It’s a court case that’s expected to last two years, but it could bring to an end a centuries-old land claim.

The Saugeen Ojibway Nation (SON) is seeking the return of 10 per cent of Crown Land, including national parks in the Bruce Peninsula.

They aren’t seeking any private land, but are asking for up to $90 billion in compensation for the sale of land, by the Crown, over the past 150 years.

They are also seeking aboriginal title to a vast section of Lake Huron and Georgian Bay, stretching from Goderich to Tobermory and over to Collingwood.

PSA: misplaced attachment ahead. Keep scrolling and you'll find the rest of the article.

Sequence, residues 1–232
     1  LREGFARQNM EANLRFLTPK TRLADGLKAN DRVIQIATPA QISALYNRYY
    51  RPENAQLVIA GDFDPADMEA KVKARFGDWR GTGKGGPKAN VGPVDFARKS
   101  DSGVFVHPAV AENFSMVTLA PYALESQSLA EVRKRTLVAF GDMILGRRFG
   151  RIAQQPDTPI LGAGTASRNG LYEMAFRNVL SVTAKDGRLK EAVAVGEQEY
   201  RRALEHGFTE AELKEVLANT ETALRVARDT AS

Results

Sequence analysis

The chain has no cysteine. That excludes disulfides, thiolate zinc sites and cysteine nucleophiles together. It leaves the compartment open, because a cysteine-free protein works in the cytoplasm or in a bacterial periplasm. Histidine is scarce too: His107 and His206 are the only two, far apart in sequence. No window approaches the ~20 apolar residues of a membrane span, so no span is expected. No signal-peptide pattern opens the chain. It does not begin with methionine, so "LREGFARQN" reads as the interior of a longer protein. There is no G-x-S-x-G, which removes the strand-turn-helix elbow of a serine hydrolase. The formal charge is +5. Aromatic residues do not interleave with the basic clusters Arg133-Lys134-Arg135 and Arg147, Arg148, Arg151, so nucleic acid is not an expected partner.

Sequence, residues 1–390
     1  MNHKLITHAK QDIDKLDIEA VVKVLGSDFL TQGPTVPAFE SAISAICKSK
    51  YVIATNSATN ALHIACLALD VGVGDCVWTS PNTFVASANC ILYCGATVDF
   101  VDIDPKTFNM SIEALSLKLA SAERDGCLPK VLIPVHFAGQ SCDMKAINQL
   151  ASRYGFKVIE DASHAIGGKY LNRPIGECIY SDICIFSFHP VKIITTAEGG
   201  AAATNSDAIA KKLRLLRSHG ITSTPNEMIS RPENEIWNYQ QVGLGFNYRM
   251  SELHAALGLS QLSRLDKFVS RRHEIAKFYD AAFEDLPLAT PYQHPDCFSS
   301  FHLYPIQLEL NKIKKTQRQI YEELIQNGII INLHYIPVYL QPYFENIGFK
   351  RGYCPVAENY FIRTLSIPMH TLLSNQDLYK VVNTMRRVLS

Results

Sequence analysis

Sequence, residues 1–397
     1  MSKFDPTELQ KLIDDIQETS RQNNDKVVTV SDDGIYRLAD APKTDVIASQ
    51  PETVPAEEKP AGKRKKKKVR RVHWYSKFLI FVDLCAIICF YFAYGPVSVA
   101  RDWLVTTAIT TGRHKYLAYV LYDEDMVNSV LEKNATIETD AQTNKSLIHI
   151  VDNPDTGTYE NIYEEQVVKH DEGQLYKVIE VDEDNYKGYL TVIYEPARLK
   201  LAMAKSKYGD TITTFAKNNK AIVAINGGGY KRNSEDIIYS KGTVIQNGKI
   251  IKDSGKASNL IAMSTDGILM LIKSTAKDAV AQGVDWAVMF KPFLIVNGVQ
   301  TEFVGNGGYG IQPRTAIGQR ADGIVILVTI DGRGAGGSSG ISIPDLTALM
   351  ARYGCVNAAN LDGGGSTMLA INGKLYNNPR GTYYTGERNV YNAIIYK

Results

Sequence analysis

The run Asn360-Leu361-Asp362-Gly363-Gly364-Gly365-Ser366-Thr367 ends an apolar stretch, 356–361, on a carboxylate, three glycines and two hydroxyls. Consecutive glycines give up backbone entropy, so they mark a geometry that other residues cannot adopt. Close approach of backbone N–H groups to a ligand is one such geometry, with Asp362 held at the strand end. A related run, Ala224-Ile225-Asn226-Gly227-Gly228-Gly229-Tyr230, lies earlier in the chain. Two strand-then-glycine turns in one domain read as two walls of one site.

They are seeking a say in what happens to the waters, as well as more rights when it comes to fishing.

The claims date back to the signing of Treaty 72 in 1854. The Crown agreed to protect the lands, but according to the band they have not kept their promise.

The trial started earlier this month, but is hearing testimony at the James Mason Cultural Centre in the Saugeen First Nation, all this week.

Saugeen First Nation Chief Lester Anoquot says, if SON wins it’s case, landowners would notice almost no difference.

He says the native band is simply seeking to right past wrongs, and have more say in what happens in the area in the coming centuries.

Anoquot says he’s open to coming to an “out of court” settlement, as well.